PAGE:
You like to take your loved ones with you when travelling, don’t you? So how about travelling with pets? Sadly, doing it is a little bit harder than just taking your favorite human for a ride. That’s why Skycop has collected some tips and tricks for taking your cat or dog on a flight.
1. Book early
Planes aren’t made of rubber, so airlines have a fixed amount of carrying space in their cargo holds. That’s why you need to ensure that your pet gets a ticket and doesn’t stay due to cargo overbooking. Besides, some airlines might have regulations on what breeds can fly. Usually, it’s the short-nosed breeds (think pugs and the like) that can’t travel due to being easy prey for respiratory tract issues.
2. Book your vet as well
Pets can catch all sorts of “exciting” illnesses and diseases – doubly so when they’re beset by all sorts of new infectants and stresses when travelling. So get your pet appropriately vaccinated before you go out, and obtain a health certificate that’s dated no more than 10 days before the trip. This should make getting your pet through the border control a breeze.
3. Get yourself a pet passport
Pet passports were rolled out as a measure to allow ease of entry for pets coming to the UK from European countries. This has spread to other places as well. What the passport does is collect all the necessary documentation for your pet in one place. Details on the passport can be different from country to country, so check it online, but it cuts down on the red tape massively.
4. Buy a carrier
Your pet can’t travel wrapped in some bubble wrap with a felt-tip name written somewhere on it. You need to get them a carrier – and you probably already have one. If you need one, check for whichever is the most recommended for travel (as opposed to a short journey to the vet). It also depends on whether you’ll be taking the carrier aboard (which means checking whether it will fit according to the airline regulations) or leaving it in the cargo hold (in which case a hard shell is a must). Oh, and you can definitely use a marker to write down your pet’s name on the carrier; that’s actually helpful!
5. Choose your flight very carefully
So, travel is stressful for your pets, no matter which way you cut it. And stopovers put them in even more stress since they get to experience loading-taking off-flying-land-offloading multiple times. You should probably avoid that. You should also avoid travelling during the parts of the year that boast the most extreme temperatures (for obvious reasons) or during the days of high traffic (when airline employees have the least amount of time to care for your pet).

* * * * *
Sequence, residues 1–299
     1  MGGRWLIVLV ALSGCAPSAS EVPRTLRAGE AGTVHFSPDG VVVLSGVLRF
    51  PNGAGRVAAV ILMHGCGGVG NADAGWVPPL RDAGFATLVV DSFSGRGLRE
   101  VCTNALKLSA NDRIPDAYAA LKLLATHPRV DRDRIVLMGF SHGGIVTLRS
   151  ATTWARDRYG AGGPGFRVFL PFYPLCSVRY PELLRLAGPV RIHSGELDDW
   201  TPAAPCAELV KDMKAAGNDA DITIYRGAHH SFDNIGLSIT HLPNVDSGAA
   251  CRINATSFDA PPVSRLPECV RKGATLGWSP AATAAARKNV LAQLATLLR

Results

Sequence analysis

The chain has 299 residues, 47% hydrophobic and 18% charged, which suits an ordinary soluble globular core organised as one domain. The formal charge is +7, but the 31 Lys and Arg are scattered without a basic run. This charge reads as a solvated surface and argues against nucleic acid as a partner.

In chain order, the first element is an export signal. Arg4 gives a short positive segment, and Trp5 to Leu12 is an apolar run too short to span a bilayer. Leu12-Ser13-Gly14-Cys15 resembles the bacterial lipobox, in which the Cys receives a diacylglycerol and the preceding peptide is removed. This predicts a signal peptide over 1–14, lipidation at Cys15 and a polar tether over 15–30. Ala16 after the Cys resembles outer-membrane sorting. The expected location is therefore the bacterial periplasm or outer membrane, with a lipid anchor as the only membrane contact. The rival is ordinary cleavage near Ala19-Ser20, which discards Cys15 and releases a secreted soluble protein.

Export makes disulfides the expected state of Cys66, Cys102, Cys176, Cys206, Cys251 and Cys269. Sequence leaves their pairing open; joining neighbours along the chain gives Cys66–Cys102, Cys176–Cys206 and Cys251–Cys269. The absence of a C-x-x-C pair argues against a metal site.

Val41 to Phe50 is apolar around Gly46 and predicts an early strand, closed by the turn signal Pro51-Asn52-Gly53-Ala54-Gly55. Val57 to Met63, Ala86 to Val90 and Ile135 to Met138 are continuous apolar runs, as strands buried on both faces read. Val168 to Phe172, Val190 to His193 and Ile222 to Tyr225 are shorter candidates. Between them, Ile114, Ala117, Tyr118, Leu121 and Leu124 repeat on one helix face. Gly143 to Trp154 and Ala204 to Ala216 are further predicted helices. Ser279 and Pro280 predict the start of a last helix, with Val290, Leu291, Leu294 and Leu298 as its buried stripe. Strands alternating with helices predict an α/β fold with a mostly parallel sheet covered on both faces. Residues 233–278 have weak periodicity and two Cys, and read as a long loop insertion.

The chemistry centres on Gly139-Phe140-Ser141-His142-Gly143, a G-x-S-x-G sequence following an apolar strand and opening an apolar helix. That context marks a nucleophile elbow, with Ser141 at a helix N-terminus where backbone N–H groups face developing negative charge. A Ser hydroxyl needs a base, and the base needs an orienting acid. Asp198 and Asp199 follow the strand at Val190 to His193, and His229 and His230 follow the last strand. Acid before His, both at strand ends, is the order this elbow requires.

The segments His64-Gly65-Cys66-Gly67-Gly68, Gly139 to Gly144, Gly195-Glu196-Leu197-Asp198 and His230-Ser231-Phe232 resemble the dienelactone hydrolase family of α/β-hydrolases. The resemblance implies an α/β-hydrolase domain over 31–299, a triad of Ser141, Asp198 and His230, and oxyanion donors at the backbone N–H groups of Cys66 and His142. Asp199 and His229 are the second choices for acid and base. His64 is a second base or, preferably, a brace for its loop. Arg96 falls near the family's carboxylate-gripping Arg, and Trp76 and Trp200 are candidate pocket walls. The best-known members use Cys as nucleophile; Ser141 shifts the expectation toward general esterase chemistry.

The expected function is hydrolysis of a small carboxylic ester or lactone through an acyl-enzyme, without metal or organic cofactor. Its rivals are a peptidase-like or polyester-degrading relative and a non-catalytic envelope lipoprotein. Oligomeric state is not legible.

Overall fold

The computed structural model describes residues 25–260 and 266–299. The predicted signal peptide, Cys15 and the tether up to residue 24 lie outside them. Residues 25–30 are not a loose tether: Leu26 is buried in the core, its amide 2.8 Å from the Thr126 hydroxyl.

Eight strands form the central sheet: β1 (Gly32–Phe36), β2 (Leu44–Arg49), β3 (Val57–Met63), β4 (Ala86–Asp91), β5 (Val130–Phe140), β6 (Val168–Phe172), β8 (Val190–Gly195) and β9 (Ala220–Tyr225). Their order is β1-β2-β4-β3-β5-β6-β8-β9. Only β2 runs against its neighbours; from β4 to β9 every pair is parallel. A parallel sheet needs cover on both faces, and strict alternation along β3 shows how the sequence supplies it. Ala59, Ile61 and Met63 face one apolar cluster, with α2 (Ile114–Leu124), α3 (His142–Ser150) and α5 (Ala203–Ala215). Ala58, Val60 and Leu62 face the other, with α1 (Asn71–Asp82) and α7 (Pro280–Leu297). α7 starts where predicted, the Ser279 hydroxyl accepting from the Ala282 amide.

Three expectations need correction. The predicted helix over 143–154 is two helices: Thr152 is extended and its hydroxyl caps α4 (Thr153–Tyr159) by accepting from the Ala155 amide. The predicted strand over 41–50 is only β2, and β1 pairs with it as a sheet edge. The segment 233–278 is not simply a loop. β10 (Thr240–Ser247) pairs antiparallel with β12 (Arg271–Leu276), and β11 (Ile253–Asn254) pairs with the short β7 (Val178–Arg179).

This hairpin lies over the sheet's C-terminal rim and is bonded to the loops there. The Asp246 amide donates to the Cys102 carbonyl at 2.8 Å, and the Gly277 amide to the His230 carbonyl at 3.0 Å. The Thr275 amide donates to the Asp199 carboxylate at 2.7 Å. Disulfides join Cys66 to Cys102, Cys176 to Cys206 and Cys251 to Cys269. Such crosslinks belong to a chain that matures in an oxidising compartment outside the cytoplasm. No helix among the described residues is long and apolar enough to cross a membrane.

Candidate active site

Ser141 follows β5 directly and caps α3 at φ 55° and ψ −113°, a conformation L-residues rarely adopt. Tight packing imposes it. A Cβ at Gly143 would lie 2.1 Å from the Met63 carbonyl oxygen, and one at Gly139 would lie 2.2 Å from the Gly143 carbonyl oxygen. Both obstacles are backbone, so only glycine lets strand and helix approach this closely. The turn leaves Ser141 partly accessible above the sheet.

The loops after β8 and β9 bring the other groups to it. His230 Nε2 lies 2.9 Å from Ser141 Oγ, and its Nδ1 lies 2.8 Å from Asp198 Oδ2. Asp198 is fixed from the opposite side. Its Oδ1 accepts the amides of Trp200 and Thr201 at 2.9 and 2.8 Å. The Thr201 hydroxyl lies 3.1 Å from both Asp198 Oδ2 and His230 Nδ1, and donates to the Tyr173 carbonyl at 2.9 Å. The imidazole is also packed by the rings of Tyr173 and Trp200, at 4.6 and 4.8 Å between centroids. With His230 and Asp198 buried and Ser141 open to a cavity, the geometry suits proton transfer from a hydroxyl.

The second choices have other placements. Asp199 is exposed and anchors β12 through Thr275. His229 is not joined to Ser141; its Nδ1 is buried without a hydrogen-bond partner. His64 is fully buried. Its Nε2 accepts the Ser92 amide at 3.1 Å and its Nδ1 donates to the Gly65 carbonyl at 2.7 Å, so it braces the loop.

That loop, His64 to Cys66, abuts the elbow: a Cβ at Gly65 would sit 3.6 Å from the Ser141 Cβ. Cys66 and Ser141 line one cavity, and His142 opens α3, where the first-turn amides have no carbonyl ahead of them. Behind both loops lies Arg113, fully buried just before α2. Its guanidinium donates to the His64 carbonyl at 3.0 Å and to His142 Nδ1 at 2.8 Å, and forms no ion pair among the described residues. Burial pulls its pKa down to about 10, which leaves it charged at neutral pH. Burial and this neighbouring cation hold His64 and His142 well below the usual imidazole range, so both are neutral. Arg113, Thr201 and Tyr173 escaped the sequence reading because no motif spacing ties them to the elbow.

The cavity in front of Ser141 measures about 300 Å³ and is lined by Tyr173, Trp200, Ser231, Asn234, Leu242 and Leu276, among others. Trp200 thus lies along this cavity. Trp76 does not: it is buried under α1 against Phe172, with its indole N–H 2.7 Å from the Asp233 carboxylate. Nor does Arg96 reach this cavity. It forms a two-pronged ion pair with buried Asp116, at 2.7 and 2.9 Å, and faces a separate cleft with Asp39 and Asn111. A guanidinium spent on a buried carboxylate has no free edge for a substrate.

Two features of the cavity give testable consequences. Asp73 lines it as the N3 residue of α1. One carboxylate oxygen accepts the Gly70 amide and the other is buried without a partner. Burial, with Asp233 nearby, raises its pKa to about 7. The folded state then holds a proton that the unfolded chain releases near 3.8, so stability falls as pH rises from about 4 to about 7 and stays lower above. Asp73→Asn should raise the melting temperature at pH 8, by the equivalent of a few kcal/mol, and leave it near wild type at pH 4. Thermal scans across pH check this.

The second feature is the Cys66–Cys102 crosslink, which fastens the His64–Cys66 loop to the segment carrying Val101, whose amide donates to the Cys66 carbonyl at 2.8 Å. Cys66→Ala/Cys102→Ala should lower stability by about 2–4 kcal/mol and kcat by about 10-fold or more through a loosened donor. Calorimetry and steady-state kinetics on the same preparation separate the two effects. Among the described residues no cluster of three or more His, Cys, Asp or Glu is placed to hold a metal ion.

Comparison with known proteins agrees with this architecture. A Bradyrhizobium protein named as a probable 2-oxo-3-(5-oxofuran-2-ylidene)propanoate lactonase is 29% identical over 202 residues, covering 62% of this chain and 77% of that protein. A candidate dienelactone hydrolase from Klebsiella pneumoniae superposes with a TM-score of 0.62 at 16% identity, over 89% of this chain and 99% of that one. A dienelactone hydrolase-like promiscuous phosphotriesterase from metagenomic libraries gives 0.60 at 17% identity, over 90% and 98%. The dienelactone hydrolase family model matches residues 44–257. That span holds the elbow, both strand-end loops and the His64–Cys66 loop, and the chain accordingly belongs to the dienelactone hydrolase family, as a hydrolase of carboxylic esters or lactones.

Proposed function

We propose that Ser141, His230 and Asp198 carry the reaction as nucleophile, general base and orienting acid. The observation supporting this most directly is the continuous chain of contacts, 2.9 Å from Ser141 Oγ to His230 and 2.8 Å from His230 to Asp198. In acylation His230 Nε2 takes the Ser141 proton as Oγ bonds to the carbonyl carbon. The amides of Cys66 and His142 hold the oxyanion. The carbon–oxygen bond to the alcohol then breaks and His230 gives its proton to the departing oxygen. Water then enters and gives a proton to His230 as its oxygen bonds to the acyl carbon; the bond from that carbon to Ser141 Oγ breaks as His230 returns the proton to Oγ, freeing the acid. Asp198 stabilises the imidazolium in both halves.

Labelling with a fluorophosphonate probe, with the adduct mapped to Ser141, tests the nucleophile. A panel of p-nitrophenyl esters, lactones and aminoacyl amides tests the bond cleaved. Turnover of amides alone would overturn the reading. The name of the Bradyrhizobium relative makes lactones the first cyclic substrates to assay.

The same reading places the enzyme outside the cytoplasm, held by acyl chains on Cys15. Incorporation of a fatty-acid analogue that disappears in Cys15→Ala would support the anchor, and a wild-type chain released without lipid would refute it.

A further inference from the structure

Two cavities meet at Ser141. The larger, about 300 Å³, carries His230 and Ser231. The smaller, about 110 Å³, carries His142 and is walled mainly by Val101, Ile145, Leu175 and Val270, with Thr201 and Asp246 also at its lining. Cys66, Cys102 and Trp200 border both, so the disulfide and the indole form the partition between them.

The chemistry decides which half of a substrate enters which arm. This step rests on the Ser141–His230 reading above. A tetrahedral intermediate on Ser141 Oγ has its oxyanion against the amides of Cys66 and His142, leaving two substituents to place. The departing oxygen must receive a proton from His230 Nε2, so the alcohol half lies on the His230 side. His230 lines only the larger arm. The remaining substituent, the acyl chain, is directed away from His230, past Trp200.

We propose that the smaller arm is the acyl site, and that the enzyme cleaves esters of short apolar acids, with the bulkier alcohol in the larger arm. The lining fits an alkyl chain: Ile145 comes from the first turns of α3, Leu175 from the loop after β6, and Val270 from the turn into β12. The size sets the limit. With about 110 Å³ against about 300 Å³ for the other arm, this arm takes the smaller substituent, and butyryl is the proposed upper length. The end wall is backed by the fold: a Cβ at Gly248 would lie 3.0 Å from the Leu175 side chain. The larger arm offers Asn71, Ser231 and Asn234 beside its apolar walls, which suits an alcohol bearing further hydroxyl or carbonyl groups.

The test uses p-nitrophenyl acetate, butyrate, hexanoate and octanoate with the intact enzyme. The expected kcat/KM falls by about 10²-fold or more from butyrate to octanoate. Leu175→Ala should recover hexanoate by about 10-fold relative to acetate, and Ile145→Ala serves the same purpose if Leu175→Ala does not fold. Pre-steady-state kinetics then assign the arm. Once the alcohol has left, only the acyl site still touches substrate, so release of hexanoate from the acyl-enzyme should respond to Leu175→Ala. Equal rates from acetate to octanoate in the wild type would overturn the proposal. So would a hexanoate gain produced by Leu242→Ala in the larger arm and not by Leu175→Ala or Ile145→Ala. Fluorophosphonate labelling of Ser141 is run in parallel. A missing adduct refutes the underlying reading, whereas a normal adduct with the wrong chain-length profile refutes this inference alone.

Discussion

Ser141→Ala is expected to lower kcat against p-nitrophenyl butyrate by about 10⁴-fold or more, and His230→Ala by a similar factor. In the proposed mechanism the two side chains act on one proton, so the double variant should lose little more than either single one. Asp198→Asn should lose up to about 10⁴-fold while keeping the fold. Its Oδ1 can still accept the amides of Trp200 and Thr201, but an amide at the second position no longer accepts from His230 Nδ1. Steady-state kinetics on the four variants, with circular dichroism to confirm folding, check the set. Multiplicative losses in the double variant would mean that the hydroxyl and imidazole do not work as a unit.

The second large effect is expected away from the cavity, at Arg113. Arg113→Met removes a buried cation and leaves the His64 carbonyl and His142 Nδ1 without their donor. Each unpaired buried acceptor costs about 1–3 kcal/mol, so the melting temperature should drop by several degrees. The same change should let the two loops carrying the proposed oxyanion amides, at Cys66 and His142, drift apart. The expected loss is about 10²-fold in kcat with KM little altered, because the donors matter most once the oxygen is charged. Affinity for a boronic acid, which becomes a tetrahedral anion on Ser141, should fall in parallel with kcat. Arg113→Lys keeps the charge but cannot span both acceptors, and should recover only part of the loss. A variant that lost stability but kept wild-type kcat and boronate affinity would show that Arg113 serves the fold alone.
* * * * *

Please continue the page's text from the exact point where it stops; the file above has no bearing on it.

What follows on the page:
6. Food and water
Make sure not to feed your pet 4-6 hours before the flight, as that might cause more complications during the flight. You can definitely give them water, though! And when it comes to handing off your beloved pet at the airport, leave the bowls in the carrier empty; that way, you’ll avoid messes, but also provide a way to feed the pet if there are flight disruptions. A trick is to leave some ice cubes in a bowl, so it won’t splash around during loading and provide a gentle trickle of freshwater for a longer time.
7. Say not to cat drugs
You may feel like it’s a good idea to give your animal tranquilizers or sedatives before the flight. You’d be wrong. Drugs can cause health issues during the flight, to the point where some airlines will refuse to carry tranq’d animals. If you must, use all-natural pet calmers to make them less nervous, but not sedated. You can keep the good stuff for yourself.
Hopefully, this will make your pet’s flight as smooth as possible. But even then, an airline can ruin it with flight disruptions. Flight delays, cancellations and overbookings can seriously ruin your pet’s (and your) day! So why not claim flight compensation with Skycop? You can claim up to €600, which is enough funds for all sorts of freaky high speed-low drag, smart material, AI-designed squeaky toys from Kickstarter!